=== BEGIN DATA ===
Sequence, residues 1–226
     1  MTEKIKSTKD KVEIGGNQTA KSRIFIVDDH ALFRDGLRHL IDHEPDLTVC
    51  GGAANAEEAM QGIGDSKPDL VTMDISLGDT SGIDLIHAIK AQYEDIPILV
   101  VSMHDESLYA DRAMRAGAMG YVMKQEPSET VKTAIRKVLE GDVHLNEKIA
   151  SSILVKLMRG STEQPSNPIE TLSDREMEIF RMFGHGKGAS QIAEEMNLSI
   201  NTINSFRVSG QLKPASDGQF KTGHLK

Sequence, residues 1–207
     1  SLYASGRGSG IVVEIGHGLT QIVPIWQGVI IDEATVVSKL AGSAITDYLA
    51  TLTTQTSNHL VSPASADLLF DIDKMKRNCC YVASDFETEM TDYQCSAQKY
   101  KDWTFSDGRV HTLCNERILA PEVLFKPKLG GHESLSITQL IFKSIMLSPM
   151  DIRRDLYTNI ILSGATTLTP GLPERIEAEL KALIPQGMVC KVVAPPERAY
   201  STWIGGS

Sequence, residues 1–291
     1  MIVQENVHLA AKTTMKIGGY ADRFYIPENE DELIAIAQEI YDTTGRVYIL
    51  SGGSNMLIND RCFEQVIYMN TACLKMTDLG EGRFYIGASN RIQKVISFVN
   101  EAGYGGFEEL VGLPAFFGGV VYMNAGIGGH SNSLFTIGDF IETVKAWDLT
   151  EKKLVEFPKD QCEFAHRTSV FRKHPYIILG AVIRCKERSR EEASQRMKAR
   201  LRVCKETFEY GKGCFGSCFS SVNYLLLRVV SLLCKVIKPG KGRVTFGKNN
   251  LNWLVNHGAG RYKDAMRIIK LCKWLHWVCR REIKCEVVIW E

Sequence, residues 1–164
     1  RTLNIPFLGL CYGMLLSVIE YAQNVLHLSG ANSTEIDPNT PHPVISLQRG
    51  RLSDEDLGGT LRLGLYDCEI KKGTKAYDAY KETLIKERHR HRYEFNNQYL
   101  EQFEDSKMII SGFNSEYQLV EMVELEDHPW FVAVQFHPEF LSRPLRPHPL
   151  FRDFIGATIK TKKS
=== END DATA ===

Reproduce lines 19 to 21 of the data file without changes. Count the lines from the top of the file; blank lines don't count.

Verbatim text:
   251  LNWLVNHGAG RYKDAMRIIK LCKWLHWVCR REIKCEVVIW E

Sequence, residues 1–164
     1  RTLNIPFLGL CYGMLLSVIE YAQNVLHLSG ANSTEIDPNT PHPVISLQRG